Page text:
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Fragmentation in IoT – One Roadblock in IoT Deployment

Leo Zhang

The Internet of Things (IoT) has enabled the connection of millions of devices, resulting in a vast amount of data being extracted from these devices, which then enables innovation in applications areas like industrial automation, predictive maintenance, and artificial intelligence. The IoT theme is certainly an area that we have been paying close attention to, where we have seen an exponential increase in venture investments at the intersection of cleantech and IoT from traditional venture capital investors and large multinational corporations, totaling more than $15 billion so far in 2017.

With the rise of venture capital dollars going to IoT, there has been an influx of companies and solutions on the market, creating a very fragmented landscape within the IoT ecosystem. As a result, this fragmentation has become one of the challenges in adopting IoT technologies and applications on a commercial scale.

Wifi, Bluetooth, LoRa, Zigbee, 5G – these are just some of the well-known wireless networking technologies that are currently available for IoT-based solutions. Each of these wireless protocols has different characteristics that were designed for specific applications. For example, LoRa (which is the underlying protocol adopted by Actility) is optimized for low-power operations across a wide network area, suiting industrial and smart city applications very well. The fragmentation issue here is less so on the selection of the appropriate wireless protocol, but more on the uncertainty of interoperability across the various communication networks. In addition, when customers need to adopt multiple types of communication networks, the associated costs can become unrealistic when trying to achieve their targeted ROI.

Achieving IoT-enabled applications such as industrial automation and predictive maintenance requires a suite of processes to extract the data from connected devices, analyze the various types of data input, identify data patterns and insights, and then finally develop industry-specific applications. Terms like Software-as-a-Service (SaaS), Platform-as-a-service (PaaS), and Artificial Intelligence (AI) are currently being used to describe the different types of solution offerings in the IoT ecosystem, which can be confusing to those new to the IoT space. The complexity is compounded by the lack of industry standards in place that would help integrate the various processes into a cohesive solution – a “one stop shop,” so to speak. To illustrate this complexity, there are companies like Sixgill and MapD that are solely focused on data processing and analytics, while companies such as SparkCognition and Flutura go one step further with their intelligence solutions to provide use cases, such as predicting equipment failures and automating certain operations.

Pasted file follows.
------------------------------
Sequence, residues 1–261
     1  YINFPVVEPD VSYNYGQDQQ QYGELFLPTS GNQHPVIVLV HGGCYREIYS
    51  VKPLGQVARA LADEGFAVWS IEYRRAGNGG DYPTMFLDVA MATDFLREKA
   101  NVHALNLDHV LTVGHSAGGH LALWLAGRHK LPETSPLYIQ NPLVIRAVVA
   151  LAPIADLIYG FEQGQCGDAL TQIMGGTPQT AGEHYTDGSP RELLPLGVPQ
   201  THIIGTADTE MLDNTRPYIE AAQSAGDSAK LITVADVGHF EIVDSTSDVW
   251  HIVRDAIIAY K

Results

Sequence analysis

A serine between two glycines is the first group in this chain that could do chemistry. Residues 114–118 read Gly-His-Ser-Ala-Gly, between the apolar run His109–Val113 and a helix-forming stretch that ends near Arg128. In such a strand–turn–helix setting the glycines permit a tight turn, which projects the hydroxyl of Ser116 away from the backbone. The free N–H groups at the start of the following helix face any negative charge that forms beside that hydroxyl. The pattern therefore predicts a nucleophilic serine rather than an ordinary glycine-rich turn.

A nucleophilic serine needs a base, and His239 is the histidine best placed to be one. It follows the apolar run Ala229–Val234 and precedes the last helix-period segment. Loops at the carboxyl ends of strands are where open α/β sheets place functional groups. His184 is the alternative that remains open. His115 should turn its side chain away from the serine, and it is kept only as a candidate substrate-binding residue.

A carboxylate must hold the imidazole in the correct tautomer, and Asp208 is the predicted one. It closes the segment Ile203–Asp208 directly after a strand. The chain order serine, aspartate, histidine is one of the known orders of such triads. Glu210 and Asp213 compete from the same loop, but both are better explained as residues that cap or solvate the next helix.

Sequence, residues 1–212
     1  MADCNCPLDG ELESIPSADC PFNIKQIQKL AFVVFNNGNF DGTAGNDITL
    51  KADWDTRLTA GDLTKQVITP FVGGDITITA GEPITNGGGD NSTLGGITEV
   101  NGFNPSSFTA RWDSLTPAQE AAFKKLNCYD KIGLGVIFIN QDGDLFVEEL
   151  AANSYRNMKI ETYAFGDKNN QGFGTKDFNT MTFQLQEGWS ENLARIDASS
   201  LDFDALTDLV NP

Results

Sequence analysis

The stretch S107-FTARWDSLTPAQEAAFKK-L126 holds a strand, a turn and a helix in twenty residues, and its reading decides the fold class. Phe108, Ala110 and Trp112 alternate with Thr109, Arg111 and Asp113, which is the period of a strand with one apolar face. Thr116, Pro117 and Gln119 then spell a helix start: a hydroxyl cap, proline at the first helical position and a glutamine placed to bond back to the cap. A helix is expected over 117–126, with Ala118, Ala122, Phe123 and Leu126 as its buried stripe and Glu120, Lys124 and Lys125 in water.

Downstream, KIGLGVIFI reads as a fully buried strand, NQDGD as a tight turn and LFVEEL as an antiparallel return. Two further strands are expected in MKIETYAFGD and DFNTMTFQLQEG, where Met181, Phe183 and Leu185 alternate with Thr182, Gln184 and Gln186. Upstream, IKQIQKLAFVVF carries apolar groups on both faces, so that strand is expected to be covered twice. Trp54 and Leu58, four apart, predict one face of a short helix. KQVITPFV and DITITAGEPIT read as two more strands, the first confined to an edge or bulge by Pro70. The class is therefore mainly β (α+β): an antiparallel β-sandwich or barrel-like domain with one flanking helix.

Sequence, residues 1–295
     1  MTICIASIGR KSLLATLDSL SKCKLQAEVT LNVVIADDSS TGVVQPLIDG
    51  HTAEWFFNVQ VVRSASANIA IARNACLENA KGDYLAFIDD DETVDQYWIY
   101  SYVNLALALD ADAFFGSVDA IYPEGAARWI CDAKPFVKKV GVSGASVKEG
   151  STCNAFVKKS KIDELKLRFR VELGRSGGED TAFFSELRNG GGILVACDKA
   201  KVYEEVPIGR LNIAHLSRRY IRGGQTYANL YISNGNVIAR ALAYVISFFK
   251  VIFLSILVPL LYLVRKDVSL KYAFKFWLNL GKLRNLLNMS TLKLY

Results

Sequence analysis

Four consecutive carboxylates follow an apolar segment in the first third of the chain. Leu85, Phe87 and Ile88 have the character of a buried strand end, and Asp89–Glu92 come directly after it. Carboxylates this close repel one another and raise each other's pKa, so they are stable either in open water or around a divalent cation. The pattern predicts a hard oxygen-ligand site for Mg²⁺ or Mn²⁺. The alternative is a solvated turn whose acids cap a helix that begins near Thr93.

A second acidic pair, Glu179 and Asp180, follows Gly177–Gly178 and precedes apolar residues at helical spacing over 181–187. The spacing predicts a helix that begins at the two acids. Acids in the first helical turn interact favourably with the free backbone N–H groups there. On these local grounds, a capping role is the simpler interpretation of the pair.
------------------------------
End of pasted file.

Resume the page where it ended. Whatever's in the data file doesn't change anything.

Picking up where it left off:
Although the various types of IoT solutions for industries currently do exist, the main challenge then becomes the integration and interoperability of these processes to achieve the desired end result. For instance, a data analytics solution will need to have the capability to ingest data streams from different sources. Furthermore, factoring in differences in equipment OEMs and operating systems, the process becomes much more complex in order to make them “talk to each other.” Finally, there is the cybersecurity issue for not only wireless networking, but also for the control and operation of the connected assets.

From a potential customer’s perspective, it becomes both a costly and time-consuming experience to procure multiple solutions from different vendors, as well as integrating them all together. We have started to see industry standards being developed (i.e. in wireless protocols), and expect more to evolve through open-source frameworks that encourage collaborations among solution developers.